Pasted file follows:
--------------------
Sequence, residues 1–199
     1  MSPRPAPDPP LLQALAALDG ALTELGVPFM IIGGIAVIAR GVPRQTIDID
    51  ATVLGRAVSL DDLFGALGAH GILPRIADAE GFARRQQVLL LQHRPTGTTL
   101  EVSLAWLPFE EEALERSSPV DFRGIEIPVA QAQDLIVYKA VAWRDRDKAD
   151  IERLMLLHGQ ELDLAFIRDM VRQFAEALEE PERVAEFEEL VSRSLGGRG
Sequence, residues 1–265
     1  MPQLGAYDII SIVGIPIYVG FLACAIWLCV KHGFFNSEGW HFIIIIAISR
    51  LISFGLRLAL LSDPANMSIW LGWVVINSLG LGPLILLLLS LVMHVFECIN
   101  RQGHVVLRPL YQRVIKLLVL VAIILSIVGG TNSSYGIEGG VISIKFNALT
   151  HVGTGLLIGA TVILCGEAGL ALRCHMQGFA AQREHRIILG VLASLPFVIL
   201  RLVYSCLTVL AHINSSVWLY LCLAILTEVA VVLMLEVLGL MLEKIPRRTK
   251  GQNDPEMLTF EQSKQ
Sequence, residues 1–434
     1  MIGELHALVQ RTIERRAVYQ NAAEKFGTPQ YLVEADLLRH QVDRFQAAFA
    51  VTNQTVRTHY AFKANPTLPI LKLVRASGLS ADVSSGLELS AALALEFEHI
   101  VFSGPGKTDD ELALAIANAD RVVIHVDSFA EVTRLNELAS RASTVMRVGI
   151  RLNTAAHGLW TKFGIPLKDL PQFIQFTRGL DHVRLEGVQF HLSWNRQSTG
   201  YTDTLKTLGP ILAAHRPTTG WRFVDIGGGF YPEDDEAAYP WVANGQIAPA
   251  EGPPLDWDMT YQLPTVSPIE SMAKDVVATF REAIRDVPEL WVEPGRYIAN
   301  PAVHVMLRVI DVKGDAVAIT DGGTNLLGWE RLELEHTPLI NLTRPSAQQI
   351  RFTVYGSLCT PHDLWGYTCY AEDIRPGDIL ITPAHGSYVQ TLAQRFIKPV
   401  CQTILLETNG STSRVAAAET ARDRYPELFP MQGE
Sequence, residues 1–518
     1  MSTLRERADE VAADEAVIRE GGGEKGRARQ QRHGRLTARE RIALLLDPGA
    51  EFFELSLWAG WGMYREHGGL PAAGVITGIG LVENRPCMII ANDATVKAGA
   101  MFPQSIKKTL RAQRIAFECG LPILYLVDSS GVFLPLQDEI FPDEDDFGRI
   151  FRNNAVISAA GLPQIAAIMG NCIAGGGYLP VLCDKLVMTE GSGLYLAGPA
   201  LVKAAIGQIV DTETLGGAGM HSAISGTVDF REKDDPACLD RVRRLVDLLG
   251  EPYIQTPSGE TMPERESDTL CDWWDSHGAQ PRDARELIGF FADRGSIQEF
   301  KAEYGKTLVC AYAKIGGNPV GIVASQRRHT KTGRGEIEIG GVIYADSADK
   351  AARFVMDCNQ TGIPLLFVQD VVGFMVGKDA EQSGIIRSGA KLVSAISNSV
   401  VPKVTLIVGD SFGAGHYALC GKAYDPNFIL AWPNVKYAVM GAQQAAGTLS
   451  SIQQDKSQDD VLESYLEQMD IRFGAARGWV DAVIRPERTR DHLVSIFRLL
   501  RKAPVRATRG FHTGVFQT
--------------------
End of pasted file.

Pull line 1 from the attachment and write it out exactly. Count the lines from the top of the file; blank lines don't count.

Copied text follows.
Sequence, residues 1–199